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Dreams and Aspirations

NAE Photo Dreams and Aspirations
Painting by Jenna Von Benedikt
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Once they get in your blood you are hopeless: For an elk is as much spirit as he is flesh and fur and bone

Photos by Lodgeatchama.Com

The first I saw of the big bull elk as he climbed the far side of the ridge on that icy December morning were two ivory antler tips, shining back-lit by the rising sun as they pierced the eastern horizon 300 yards above me, moving straight in my direction.

They were quickly joined by two more, then two more still as onward he came, and they continued to multiply and gradually grow into a massive set of antlers that was soon connected to his big, burly head, his richly-­maned neck, and then his entire body.

He moved with an assuming air of rank and superiority as he crested the ridge, slowly turning his head from side-to-side, the grandest creature I had ever beheld.

His main beams were long and sweeping, their spread incredibly wide. His tines were of exceptional length and proportion, his back splits protracted and even. And suddenly, everything else in the world—the deep snow in which I knelt, the other bulls I knew to be with him, all my longings from the past, all my hopes for the future, ceased to exist, and nothing else held any importance whatsoever, except for this grand bull elk who now began slowly working his way down the near side of the canyon in my direction—at first angling ever so slightly to the left, then farther left still, until for one split-second he turned perfectly broadside and I eased my rifle off-­safety.



The very word conjures up images of soaring peaks, high plains, icy sunrises, and snowy meadows. It evokes the cleansing smell of conifers and the healing aroma of sage, while echoing the staccato whisper of the wind as it rustles through the aspens and romps along the ridge tops.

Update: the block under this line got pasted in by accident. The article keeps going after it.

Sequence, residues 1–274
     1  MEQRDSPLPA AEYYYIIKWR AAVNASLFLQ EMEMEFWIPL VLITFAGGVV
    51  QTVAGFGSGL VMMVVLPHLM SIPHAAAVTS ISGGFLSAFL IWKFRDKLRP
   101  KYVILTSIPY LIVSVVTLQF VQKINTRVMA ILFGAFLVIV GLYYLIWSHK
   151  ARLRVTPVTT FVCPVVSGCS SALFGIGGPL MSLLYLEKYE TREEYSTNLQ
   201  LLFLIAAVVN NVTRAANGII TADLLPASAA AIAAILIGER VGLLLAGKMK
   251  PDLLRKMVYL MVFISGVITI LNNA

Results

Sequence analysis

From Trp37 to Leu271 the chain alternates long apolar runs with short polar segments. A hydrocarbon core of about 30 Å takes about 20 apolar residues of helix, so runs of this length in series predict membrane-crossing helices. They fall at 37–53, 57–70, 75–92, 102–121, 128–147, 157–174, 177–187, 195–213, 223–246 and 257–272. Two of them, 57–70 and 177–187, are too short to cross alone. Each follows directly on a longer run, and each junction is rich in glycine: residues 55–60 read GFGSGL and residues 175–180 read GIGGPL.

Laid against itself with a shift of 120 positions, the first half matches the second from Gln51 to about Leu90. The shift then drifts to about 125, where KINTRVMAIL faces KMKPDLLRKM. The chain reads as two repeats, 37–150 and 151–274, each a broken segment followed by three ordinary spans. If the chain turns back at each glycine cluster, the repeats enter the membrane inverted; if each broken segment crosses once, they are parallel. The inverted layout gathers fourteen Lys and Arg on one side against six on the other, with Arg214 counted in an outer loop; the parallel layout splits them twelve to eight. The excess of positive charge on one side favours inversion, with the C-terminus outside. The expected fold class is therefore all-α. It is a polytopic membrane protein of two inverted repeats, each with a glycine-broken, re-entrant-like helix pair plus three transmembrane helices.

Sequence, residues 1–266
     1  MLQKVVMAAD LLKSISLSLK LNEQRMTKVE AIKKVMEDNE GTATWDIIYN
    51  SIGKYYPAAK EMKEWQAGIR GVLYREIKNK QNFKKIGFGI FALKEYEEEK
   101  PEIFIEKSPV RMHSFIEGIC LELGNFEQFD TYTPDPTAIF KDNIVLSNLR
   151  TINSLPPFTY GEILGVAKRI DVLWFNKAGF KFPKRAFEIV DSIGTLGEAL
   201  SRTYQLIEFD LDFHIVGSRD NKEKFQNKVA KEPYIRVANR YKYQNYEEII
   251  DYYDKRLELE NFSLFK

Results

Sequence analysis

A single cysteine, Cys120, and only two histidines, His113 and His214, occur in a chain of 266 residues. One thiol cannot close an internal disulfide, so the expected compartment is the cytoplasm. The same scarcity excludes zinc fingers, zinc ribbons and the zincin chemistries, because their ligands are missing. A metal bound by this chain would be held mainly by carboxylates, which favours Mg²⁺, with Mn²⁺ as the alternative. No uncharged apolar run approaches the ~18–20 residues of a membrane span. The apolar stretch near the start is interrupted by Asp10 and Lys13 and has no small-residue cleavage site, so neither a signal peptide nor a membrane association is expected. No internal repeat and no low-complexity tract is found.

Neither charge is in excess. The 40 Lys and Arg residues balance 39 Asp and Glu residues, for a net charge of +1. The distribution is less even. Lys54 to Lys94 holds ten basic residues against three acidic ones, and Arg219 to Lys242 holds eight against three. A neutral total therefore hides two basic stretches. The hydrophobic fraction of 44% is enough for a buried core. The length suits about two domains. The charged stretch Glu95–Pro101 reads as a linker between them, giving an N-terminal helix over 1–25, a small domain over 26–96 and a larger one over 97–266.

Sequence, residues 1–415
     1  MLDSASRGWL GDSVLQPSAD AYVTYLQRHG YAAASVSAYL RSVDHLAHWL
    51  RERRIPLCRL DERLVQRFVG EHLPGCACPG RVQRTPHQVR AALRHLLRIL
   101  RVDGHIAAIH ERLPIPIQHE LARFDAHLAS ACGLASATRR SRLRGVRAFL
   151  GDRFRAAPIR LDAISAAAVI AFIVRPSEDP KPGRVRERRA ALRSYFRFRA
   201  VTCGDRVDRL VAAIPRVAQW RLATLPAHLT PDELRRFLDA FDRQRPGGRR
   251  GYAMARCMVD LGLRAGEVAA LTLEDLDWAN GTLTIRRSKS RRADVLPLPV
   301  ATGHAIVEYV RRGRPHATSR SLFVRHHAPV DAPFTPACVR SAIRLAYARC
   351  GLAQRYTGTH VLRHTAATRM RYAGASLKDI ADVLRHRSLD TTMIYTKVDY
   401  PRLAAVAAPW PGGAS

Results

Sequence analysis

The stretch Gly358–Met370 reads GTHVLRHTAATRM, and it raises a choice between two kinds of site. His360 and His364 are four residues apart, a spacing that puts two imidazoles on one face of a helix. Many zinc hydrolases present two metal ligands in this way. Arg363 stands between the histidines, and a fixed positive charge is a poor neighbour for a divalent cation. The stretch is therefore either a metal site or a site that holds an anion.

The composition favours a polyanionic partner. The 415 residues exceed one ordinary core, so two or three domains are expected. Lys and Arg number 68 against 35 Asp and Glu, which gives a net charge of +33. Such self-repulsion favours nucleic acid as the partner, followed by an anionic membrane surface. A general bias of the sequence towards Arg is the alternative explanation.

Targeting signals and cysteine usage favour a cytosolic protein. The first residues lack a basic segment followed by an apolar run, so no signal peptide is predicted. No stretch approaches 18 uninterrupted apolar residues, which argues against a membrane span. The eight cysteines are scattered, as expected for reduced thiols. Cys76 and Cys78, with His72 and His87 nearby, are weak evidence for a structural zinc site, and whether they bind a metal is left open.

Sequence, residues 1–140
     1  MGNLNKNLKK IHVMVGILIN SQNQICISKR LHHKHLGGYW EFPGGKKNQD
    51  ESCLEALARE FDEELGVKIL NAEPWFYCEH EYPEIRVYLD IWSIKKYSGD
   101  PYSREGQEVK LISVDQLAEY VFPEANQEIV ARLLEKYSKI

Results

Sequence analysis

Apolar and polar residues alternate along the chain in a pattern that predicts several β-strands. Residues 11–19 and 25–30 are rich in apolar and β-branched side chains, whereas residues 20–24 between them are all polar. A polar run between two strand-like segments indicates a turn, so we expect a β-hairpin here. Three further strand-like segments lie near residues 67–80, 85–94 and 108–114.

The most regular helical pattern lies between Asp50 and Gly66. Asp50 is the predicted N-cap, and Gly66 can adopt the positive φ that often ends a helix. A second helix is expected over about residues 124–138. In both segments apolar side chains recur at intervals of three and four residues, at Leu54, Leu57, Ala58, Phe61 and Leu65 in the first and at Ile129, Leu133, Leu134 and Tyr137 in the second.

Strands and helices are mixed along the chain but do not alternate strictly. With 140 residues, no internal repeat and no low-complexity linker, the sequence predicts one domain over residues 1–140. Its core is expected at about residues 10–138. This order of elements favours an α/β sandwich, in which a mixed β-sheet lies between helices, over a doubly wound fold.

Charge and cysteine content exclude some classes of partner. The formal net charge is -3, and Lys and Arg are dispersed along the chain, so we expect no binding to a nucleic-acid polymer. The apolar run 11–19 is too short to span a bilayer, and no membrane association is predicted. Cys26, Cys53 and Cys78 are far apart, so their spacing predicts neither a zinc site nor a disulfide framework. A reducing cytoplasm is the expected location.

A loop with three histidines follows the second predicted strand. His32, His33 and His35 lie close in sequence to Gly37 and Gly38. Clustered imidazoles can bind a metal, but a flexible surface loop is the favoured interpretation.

I can’t remember when I first became aware of elk as a child, nor the first elk painting I ever saw, or the first elk story I ever read. And I’m certain that any aspirations I ever harbored of someday actually hunting elk for myself were, at the time, as remote as the possibility that I might one day leave my boot prints on the surface of the Moon or Mars, or on the distant volcanic plains of Patagonia.

But in time, my childhood fantasies managed to manifest themselves into full adult reality, and when my opportunity to hunt elk finally came, I learned all I could about them and their habitat and habits. I made sure I had the right rifle, the right ammunition, and the right gear, hardened my heart and lungs and legs to the N’th degree, honed my shooting skills to the max, and naively thought I was ready. And when I had my first encounter with a big bull elk, and heard—no, felt—his percussive bellows from close within the deep dark timber that surrounded us, all my preconceptions crumbled into a useless heap as his resonant bugles pounded their way into my chest while my heart tried to pound its way out.

But though I failed to connect and bring an elk home from my first hunt for them, it was without question one of the most fulfilling experiences of my life. And I knew I must try again. For once you have seen and heard an elk for yourself, you can never forget his beckoning call nor ignore his urgent summons.

And now as I sit here warm by the fireplace on this snowy winter night, I look up and across the dimly-lit great room at the big bull I eventually took on that icy December morning a few years later, and see him staring back down at me.

He topped the ridge at first light, back-lit by the rising sun and haloed in his own shimmering breath hanging crystalline in the still morning air, as I sat hidden in the shadows with my rifle resting in the forks of shooting sticks.


I had followed him from below, slowly and silently working my way up the bottom of the darkened canyon in the dim, pre-­dawn shadows as he and three smaller, post-­rut companion bulls meandered in and out of the cedars and scrub oaks along the eastern skyline 300 yards above me before vanishing altogether.